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Movie Review: Multiverse of Madness, A Dip in the Horror Genre for Marvel

By David T. Valentin


Doctor Strange in the Multiverse of Madness premiered last Thursday, May 6th, releasing what is Marvel’s first dip into a horror twist on the superhero genre. While the fan response has certainly been divisive on the internet, the film blew my socks off on all sorts of different levels.

To start off, Multiverse of Madness was very different from previous MCU films tonally, deviating from the comedic, lighthearted feel that most MCU films have. There were, of course, quick humorous quips between characters that lightened the mood when they could, but from the minute the movie starts, the action picks up and doesn’t slow down. With Wanda, now corrupted by the Dark Hold and utilizing the full powers of The Scarlet Witch, pursuing Dr. Strange and America Chavez, there was barely any room to breathe thus keeping viewers on their toes.

While many previous MCU films were mostly grounded in scope with the original Avengers such as Iron Man, Thor, Captain America, Hulk and Black Widow, relegating the cast to mostly ordinary humans with cool gadgets or just super strength, the fighting in Multiverse of Madness was packed with magic, energy beams and interdimensional travel. The film certainly removed viewers from the grounded Earth narratives we’ve seen in the past and takes viewers on a ride very similar to what you’d get out of a Doctor Strange comic book, or any comic book packed with an abundance of magic users that didn’t sacrifice character development in the process.

This tone, getting the viewer to feel the grandness and what’s at stake, is a tone we didn’t get to feel until the introduction of The Guardians of the Galaxy and Thor: Ragnorak. But such a tone has been present in every phase four film and series, from WandaVision, to Spiderman No Way Home all the way to Doctor Strange in the Multiverse in Madness. It got me thinking of why I didn’t particularly get sucked into the MCU until later films and now I realize it’s largely because I never wanted realistic and grounded narratives like The Dark Knight or Logan. That’s not saying these films aren’t great, but I personally love the high stakes, character-driven narratives of comic books and I really felt like we’ve gotten it with this film.

Not only that, but it was also the first time I really felt not only the weight of how powerful these superheroes are, but how scary it can really be if they turned villains without always having in the back of my mind that there will be a happily ever after and that the stakes aren’t as high as they seem. With Wanda pursuing Dr. Strange and American Chavez through the multiverse while killing some of the strongest people in this universe, I was on the edge of my seat wondering how such a conflict was going to be solved, reminding me of comic book stories such as The House of M and Avengers Disassembled, comics where The Scarlet Witch is a terrifying force to be reckoned with.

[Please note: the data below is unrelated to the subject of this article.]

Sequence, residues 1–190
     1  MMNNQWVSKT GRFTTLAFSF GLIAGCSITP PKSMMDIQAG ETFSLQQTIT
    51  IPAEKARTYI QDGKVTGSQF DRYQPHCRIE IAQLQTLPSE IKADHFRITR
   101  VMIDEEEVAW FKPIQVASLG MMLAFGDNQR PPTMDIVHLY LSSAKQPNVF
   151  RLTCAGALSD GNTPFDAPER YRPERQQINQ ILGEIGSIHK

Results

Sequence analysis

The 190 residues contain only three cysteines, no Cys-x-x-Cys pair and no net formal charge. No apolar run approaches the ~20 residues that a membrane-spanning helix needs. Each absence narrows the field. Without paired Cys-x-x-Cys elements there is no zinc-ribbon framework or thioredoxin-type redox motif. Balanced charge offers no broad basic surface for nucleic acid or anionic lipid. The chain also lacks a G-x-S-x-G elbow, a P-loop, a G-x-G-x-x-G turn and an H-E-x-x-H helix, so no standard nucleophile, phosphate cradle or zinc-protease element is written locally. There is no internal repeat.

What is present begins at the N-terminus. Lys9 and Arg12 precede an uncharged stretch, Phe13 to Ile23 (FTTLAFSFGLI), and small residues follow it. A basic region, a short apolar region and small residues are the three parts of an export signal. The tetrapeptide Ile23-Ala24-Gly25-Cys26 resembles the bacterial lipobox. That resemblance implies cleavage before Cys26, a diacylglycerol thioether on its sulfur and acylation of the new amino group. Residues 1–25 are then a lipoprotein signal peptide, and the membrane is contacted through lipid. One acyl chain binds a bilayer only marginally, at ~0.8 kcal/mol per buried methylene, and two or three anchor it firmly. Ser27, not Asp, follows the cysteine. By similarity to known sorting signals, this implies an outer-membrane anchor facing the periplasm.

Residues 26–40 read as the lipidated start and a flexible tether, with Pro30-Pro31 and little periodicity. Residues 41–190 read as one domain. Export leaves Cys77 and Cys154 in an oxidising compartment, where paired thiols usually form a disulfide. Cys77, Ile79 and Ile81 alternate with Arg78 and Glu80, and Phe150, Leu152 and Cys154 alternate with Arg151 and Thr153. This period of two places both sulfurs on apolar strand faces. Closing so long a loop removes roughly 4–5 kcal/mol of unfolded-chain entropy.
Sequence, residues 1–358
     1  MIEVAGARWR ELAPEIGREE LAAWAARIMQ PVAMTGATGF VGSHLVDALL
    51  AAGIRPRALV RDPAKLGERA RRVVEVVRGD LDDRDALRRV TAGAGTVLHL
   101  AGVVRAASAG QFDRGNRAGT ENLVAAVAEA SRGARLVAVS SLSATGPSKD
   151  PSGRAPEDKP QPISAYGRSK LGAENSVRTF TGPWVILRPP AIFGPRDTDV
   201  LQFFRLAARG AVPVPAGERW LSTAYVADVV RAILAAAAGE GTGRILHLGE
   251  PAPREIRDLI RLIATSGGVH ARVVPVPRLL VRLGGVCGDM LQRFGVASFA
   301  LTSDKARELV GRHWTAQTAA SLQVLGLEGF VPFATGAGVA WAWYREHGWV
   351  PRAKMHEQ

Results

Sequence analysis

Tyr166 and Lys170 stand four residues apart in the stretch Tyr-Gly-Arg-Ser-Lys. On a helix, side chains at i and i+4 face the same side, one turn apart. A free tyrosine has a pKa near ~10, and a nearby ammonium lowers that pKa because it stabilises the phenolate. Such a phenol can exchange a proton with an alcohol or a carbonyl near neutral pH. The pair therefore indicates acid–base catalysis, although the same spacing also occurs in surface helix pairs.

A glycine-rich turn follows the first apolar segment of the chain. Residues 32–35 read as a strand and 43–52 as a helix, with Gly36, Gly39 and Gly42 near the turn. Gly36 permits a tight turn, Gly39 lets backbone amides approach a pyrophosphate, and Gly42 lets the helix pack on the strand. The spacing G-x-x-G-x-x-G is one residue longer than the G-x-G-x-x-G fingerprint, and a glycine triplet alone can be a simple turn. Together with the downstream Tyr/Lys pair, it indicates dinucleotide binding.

While the emotional weight of the film lies in Elizabeth Olsen’s Wanda Maximoff as she tries to deal with the loss of her children in her universe and pursues them through the multiverse to be reunited with them once again, I still felt we really got to know Dr. Strange more as he deals with the reality that he can’t be with the woman he loves. While many fans early in Dr. Strange’s tenure in the MCU complained he was nothing more than an egotistical wizard version of Tony Stark, I feel between his first film, Infinity War, Spiderman No Way Home, and Doctor Strange in the Multiverse of Madness, we get to see character growth and a tenderness to his character I didn’t think we’d see so soon.

That being said, Elizabeth Olsen was the obvious star of the movie, even if Dr. Strange is the titular character. Many people have discussed on the internet how Wanda wasn’t very likeable in this movie because of the atrocities she committed, but I, and many other Wanda Maximoff fans, would argue, her character couldn’t be more likeable and relatable. Sure, it was hard to justify her actions in the movie and she was the obvious villain, but what’s not relatable to see a mother who has lost everything and is willing to do whatever she can to have her kids back in her life? It’s no secret Wanda Maximoff is a villain in this film, but the way Elizabeth Olsen is able to combine anger, fear, sadness, grief, jealousy and, eventually, acceptance, in a matter of seconds and consistently doing it not just in one scene but throughout the entire movie? I mean, come on, give this actor an Oscar.

It can be argued The Scarlet Witch is one of the first main superheroines in the Avengers in the comics, and quite possibly one of the most important in Avengers’ history. Up until now, Wanda’s character has been diminished to the powerful angry woman loses her mind trope. But in Multiverse of Madness, Wanda has the most autonomy she’s ever had in her entire comic book history, so to see The Scarlet Witch get the complexity of her character fleshed out and the screen time to do so has made so many fans, including myself, so happy.

It’s something that should certainly be celebrated, but I can’t help but feeling a slight sadness about it. Could you imagine if they had treated Black Widow as equally well in the MCU as they’ve been doing with their new superheroines? Could you imagine the impact it would have had for little girls to see Black Widow being so much more than eye candy or a love interest to the Avengers?

We can only hope Marvel continues to give their characters such complex stories. And while many fans are complaining the MCU seems to be spiraling with no clear end goal, the almost episodic, comic book feel of phase four has been much more interesting to watch than, perhaps, an entire decade’s worth of MCU projects.


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